When Rings of Power was announced way back when I found myself staunchly against it. I didn’t like the idea of a TV show breaking canon and creating something from nothing that Tolkien had ever written. Over time I got over myself a little bit and realised I simply cannot take this stance because Middle Earth: Shadow of Mordor is one of my favourite stories set in the Lord of the Rings universe – and has absolutely nothing to do with anything Tolkien had ever written.

I watched Lord of the Rings: The Rings of Power over the weekend and almost instantly fell in love with it. I adored this standalone story and all the characters therein. Durin especially stands out as my new favourite depiction of a Tolkien Dwarf in any medium other than the actual writing. All the little details touching on the Silmarillion and works that Christopher Tolkien had worked on have me enthralled and I cannot wait to see more.

North of the wall is less concerning in Middle Earth

In my time of not having any patience whatsoever to consume more Lord of The Rings content, I picked up Shadow of Mordor again and decided it was finally time for that replay I have been saying I’d do for years, expecting to only play maybe an hour or two in an evening and then stop playing it… Well, two nights down and I’m as hooked as I was back in 2014 and sunk over 10 hours in already!

I always thought that I got so obsessed with this game 8 years ago because of the story, but with this playthrough I have realised it is simply the open world – and I think it might be the best open world ever created.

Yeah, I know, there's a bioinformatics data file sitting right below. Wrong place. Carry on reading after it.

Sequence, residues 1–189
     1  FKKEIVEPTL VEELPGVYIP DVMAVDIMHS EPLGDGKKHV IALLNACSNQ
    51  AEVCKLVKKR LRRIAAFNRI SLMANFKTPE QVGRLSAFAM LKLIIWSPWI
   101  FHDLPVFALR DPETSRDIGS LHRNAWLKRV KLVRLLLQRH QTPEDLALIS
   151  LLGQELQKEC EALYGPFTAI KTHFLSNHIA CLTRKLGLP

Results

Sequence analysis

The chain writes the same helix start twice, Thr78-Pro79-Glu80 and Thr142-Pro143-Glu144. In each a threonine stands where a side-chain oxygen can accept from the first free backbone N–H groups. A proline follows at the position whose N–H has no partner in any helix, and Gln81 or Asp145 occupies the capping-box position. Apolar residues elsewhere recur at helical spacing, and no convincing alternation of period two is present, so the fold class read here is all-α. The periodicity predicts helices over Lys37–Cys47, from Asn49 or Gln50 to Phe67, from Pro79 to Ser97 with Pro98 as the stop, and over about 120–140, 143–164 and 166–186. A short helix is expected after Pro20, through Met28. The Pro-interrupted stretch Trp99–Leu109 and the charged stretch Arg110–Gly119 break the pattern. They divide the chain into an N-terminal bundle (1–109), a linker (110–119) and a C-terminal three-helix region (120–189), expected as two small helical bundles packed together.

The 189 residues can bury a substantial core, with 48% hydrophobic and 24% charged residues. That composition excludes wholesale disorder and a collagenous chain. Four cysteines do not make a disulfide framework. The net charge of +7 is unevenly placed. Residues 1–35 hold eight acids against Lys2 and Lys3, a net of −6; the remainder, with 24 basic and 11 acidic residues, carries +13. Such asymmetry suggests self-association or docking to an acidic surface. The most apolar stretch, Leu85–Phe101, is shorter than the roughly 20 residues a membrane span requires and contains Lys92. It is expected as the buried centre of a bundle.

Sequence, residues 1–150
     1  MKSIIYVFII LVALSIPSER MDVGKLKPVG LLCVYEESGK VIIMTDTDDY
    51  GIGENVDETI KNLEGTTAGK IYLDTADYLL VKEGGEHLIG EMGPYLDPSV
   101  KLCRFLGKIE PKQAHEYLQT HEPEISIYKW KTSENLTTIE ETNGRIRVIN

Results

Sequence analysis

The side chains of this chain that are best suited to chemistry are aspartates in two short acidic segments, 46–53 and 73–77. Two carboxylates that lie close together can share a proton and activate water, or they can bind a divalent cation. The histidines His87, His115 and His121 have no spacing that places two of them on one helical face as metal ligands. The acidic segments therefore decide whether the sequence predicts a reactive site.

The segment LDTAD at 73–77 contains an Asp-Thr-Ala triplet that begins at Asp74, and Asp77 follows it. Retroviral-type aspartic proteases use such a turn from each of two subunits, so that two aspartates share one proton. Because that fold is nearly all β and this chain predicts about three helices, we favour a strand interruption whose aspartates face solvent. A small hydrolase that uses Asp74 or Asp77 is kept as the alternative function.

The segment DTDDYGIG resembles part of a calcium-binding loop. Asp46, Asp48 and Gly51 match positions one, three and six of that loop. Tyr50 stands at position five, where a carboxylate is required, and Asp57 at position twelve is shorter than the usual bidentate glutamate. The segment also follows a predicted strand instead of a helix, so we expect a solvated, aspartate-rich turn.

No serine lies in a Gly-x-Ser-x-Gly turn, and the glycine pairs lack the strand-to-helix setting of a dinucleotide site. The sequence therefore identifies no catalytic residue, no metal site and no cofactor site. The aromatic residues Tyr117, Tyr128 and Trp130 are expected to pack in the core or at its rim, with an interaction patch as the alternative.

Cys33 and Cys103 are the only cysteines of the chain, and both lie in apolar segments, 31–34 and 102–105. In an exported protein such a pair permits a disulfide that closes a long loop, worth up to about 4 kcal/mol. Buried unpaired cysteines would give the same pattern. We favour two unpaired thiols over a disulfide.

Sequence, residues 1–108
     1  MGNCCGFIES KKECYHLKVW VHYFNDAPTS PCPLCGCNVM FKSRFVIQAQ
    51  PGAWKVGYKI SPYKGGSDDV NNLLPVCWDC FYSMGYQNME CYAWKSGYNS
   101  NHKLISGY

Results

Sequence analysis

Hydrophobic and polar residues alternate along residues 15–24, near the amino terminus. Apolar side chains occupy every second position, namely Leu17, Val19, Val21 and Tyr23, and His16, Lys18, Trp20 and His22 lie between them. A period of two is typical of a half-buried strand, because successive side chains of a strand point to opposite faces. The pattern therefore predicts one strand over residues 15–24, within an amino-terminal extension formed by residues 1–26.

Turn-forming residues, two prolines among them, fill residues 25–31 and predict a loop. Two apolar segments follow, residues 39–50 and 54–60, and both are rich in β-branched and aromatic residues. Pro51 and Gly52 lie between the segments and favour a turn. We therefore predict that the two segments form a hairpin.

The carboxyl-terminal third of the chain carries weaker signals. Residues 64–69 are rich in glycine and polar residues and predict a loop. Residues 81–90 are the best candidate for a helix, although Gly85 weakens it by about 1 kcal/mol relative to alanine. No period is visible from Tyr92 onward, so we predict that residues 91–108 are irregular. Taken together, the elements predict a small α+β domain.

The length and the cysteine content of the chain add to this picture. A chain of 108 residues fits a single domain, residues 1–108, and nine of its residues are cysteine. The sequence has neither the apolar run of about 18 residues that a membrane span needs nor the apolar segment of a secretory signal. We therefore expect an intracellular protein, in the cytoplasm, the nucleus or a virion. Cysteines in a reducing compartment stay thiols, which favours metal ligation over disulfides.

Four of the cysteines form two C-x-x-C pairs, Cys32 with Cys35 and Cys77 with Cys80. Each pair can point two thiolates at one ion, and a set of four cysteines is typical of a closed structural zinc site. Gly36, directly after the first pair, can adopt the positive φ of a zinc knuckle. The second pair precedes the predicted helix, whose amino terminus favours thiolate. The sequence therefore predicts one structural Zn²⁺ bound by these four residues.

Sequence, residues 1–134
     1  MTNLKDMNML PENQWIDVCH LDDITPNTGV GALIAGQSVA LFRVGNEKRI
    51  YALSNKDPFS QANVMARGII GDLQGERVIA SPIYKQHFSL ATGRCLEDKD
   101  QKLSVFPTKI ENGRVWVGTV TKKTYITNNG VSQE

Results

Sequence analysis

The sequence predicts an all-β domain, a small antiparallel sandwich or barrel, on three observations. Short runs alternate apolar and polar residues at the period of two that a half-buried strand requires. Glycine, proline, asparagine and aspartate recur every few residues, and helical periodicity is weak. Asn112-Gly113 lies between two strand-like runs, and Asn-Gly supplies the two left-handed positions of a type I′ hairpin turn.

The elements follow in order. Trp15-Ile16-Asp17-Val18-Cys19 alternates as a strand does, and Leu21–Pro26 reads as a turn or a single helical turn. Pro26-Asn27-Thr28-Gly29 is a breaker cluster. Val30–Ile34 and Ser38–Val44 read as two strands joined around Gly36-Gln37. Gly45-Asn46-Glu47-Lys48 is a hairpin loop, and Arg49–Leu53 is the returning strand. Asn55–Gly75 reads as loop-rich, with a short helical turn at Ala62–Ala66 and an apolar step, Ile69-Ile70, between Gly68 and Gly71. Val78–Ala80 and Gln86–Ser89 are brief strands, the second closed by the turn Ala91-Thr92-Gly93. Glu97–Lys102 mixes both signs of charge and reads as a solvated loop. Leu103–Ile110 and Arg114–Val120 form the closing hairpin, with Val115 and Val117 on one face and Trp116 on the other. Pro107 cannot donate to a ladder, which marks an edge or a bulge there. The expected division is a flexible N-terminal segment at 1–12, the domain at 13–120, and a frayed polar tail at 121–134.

This is because everything feels important; Despite having no towns in Mordor you can visit to find friendly NPC’s! As you travel around Mordor you are met with an ever present threat of Orcs and Uruks who all use cheap tactics to take you down, and it’s here where this importance lies. If any Orc beats you he can be promoted to Captain, then have their own internal struggles and politics put in place until they eventually become a War Chief and this just makes every single fight feel important to the world and its own internal power struggles.

Mordor? Or average confrontation in Grimsby?

Last night I had a point where one particular Uruk had managed to kill me twice, so I then followed him around the map; Helping to end his nemeses, recruit new Uruk and gain additional power as he worked his way through Mordor. I waited and waited until he became a War Chief, where I ransacked his camp – killed every single one of his followers, turned his Captains against him and then murdered him.

This wasn’t something I needed to do for the story as I was only free-roaming Mordor, it was something I needed to do for my pride.

So there we go, I love both The Rings of Power and Shadow of Mordor. Let me know what you think of The Rings of Power below! Unless you hate black elves and dwarves and female characters – In which case shut up and go away.

Written by Luke.

Edited by Alexx.

Captions by Will.